Are there many subspecies of tiger, or only two? A correct accounting is the only way to preserve what is left of the animal’s genetic diversity, some scientists say.
A Sumatran tiger at the Ragunan Zoo in Jakarta, Indonesia. Sumatran tigers were the first to evolve from all tigers’ common ancestor. Credit Romeo Gacad/Agence France-Presse — Getty Images
Fewer than 4,000 tigers remain in the wild. New research aims to give conservationists an improved understanding of their genetics in order to help save them.
After years of debate, scientists report in the journal Current Biology that tigers comprise six unique subspecies. One of those subspecies, the South China tiger, survives only in captivity.
“The results presented in this paper are important because they contradict the currently accepted international conservation classifications for tigers,” said Uma Ramakrishnan, a molecular ecologist at the National Center for Biological Sciences in Bangalore, India, who was not involved in the study.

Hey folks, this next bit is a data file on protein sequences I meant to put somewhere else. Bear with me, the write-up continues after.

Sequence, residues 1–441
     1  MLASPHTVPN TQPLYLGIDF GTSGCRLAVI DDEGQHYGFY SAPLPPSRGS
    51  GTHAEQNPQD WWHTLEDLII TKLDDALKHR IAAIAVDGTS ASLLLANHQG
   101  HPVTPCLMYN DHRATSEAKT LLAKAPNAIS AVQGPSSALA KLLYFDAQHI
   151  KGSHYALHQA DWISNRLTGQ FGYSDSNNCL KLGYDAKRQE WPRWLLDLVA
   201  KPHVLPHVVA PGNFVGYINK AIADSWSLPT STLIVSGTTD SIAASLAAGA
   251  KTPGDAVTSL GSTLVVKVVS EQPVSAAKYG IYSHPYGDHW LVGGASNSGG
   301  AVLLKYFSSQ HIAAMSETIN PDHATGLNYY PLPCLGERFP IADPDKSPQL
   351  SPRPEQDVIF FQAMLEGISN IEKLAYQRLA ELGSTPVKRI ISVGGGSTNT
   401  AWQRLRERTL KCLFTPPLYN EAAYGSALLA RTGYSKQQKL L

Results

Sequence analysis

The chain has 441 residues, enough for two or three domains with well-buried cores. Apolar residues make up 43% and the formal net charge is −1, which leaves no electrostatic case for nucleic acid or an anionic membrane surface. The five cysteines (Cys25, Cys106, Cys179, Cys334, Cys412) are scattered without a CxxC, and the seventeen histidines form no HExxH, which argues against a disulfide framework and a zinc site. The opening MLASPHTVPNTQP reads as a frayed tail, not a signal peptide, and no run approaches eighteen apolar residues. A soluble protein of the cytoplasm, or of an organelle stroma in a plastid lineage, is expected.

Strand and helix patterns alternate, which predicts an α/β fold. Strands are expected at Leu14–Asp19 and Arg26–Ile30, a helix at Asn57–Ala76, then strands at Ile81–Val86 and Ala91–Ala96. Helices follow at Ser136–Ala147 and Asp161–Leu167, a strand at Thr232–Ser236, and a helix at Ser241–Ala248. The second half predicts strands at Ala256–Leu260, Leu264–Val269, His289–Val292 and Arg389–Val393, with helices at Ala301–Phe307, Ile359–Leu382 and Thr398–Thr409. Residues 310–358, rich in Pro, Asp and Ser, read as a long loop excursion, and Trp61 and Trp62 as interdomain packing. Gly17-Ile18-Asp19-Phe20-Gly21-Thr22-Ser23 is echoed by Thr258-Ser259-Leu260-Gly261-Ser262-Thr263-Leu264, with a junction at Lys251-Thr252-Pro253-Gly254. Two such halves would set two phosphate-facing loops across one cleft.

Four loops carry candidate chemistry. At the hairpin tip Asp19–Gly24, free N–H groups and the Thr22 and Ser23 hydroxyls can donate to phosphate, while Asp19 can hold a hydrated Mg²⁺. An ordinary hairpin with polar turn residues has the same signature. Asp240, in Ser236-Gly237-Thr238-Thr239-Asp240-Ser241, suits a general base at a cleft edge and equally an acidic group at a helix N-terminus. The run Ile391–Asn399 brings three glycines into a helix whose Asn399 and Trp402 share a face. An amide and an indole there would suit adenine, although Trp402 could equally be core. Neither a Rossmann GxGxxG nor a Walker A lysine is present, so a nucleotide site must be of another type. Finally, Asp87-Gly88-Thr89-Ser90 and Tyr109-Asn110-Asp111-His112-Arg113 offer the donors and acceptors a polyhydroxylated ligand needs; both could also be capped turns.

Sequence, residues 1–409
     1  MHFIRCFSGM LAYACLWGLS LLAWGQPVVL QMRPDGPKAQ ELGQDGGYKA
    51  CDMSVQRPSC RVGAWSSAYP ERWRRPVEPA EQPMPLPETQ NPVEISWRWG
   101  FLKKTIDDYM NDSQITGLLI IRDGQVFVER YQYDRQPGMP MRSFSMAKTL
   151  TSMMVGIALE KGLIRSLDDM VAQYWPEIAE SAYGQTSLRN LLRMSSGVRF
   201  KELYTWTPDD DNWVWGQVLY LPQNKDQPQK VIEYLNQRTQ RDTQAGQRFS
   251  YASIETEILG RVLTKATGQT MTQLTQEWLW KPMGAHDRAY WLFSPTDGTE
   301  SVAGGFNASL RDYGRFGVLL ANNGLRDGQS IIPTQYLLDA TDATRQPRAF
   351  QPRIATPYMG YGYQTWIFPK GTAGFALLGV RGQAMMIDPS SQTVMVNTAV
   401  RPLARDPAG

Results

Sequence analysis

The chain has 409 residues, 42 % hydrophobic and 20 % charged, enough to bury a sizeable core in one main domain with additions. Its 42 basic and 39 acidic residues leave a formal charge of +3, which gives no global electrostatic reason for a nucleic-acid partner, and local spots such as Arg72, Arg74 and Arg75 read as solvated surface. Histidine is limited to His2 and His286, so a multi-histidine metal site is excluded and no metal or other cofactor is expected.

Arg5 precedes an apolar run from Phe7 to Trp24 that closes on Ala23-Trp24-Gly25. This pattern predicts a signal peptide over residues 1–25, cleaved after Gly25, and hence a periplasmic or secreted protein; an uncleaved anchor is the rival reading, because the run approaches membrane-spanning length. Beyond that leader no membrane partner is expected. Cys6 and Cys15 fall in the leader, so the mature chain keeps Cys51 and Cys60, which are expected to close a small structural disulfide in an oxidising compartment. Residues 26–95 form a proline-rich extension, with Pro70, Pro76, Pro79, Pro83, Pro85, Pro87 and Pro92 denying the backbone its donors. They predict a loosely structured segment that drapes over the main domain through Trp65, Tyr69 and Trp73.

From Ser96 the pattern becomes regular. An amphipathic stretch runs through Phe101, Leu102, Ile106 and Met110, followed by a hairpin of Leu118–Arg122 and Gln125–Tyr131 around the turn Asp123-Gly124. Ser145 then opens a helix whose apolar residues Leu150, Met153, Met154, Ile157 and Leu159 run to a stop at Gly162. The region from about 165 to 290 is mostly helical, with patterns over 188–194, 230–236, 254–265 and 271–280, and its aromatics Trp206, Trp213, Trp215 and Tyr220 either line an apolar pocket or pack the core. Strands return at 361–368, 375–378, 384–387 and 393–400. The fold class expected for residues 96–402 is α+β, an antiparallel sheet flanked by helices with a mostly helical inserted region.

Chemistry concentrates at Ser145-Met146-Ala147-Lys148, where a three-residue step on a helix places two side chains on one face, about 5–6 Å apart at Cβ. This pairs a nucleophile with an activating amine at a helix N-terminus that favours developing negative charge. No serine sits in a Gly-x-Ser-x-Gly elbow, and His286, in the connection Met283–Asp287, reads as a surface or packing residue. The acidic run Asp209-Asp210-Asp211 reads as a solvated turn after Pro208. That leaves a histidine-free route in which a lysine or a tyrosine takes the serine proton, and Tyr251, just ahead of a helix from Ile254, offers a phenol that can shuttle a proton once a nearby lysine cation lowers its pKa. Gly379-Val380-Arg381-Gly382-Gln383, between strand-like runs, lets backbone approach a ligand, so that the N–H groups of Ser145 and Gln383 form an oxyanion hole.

A system recently proposed by some scientists that would classify the world’s tigers into two subspecies would harm the world’s remaining tigers rather than benefit them, said Shu-Jin Luo, a geneticist at Peking University who led the study. Preserving what is left of tigers’ genetic diversity will require ensuring that all remaining subspecies are taken into account, she and her co-authors argue.
“If you think that all tigers are genetically homogeneous, you might say if you lose the Amur tiger, you still have the Bengal tiger — and that’s O.K. because they’re very similar,” Dr. Luo said. “But that’s not O.K., because now we know that tigers are not all alike.
Dr. Luo hopes that their new findings put to rest a decade-long debate over whether tigers constitute six, five or two subspecies. In 2004, she and her colleagues first presented research that tigers constitute six living subspecies, based on partial genomic analyses. But other researchers soon challenged the findings.
The latest analysis confirmed six living subspecies: Bengal, Amur, South China, Sumatran, Indochinese and Malayan. Scientists also believe that three additional subspecies — Caspian, Javan and Bali tigers, described in the 1930s — already have been lost to extinction…